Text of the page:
It had all been rather embarrassing, and certainly Rex did not wish for a repeat of that conversation. Who would? But then again, would anyone come to the Fayre if he simply told the truth? No one wishes to be deceitful, and particularly not the religious who can have no truck with the low cunning of much modern advertising. But you couldn’t just put ‘tombola, plants, gifts and a raffle’ on the sign; not if you wanted a crowd. If you wanted a crowd, you had to suggest the possibility of something more; something teasing, tempting and rather wonderful – even if it didn’t exist.
So once again, Rex put ‘and much much more!’ on the sign. Only this time, he had an ace up his sleeve. If anyone questioned him, he would point them to the tea urn. ‘There’s tea as well!’ he would say. ‘Did you not notice that? Yes, there’s tea! And toilets! Did the toilets also escape your gaze?’
Tea and toilets were certainly ‘much, much more’! Rex’s revenge – and he looked forward to it.
In fact, he should have mentioned the tea and toilets to Lord Jo last year.
‘I always think of the best lines after the moment has passed,’ he mused wryly.
Just then, the vicarage doorbell rang, and Rex was amazed to see Mrs Post standing there; and in something of a state. Was that sick down the front of her cardigan? It certainly smelt somewhat odiferous!
‘This is not as it looks, Father,’ she said, in a rather slurred manner. ‘I’ve just been overworking.’
She then fell forward onto the hallway floor.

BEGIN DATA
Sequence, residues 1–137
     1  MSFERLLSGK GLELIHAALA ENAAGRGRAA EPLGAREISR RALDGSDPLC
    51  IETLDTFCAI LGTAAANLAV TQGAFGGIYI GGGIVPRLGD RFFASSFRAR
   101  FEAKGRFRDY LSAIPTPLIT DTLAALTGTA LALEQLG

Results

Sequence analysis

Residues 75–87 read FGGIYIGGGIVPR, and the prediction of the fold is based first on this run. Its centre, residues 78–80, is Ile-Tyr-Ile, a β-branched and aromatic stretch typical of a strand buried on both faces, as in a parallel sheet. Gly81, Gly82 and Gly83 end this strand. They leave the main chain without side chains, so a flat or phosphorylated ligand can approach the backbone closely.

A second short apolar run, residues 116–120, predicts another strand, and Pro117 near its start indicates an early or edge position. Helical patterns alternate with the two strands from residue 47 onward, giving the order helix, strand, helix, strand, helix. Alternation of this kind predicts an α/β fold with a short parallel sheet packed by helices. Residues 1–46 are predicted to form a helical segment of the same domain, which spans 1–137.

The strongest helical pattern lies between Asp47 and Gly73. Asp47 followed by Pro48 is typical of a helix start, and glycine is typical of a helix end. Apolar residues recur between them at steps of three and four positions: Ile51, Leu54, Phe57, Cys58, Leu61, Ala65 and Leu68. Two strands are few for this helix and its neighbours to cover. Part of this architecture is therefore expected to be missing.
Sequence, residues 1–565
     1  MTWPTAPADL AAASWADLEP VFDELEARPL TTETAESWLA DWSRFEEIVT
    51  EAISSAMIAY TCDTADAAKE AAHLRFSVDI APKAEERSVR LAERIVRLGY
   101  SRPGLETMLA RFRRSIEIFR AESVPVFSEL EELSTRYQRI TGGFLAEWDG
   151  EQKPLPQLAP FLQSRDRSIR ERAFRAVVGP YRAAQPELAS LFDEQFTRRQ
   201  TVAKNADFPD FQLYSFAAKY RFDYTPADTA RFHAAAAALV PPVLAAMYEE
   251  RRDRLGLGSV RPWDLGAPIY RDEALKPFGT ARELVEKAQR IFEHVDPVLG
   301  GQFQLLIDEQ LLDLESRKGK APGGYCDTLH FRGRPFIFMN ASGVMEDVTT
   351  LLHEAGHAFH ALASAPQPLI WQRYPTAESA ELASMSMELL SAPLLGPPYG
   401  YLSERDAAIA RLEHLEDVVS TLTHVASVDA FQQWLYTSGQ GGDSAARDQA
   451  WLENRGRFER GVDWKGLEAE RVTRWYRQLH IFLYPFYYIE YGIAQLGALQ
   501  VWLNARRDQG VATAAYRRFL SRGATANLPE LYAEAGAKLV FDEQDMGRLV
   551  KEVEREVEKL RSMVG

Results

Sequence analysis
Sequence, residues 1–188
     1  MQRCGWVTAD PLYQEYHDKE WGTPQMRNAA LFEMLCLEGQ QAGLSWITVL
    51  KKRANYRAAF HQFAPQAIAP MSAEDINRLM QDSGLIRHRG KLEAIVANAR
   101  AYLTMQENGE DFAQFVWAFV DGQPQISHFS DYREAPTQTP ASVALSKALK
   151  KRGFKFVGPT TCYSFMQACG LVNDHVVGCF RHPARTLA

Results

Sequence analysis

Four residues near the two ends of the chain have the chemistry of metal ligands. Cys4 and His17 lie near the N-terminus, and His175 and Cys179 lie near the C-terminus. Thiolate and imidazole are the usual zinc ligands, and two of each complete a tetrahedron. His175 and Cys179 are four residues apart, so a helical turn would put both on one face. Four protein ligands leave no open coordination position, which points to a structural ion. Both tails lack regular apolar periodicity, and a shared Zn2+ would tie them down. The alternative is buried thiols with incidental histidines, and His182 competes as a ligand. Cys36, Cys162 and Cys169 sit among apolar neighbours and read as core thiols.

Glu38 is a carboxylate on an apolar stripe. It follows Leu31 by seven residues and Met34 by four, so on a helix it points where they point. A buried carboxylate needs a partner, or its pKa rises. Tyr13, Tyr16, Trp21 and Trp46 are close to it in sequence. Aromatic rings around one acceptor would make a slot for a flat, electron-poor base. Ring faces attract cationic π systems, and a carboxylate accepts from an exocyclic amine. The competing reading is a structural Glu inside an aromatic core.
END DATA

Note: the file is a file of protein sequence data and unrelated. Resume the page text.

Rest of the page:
Rex tried to catch her, but failed. It was, after all, some while since he’d played rugby for the under-13’s, when sharp reflexes and regular physical contact were very much the order of the day. His early growth spurt had made him the tallest in the team and those were undoubtedly his finest days; his halcyon days, as they say.
‘Big Rex!’ they called him back then.
By fifteen, however, he had become quite short, and never recovered the name, apart from in jest.
So yes, as I say, he failed to catch Mrs Post, who fell like a dead soldier onto the worn out carpet of the vicarage hallway.
‘No two days the same!’ thought Rex, as he contemplated the prostrate body of the village postmistress at his feet at midnight.
At last! Billy had found both the kettle and the fridge. Perfect! And there was some interesting food inside. He couldn’t turn on the lights, obviously, but it didn’t matter. He’d finally located what he needed, and the good thing was that no one would ever find him here.
Unless, of course, he flipped, at some incredibly inappropriate moment.
Ooops! Let’s hope not!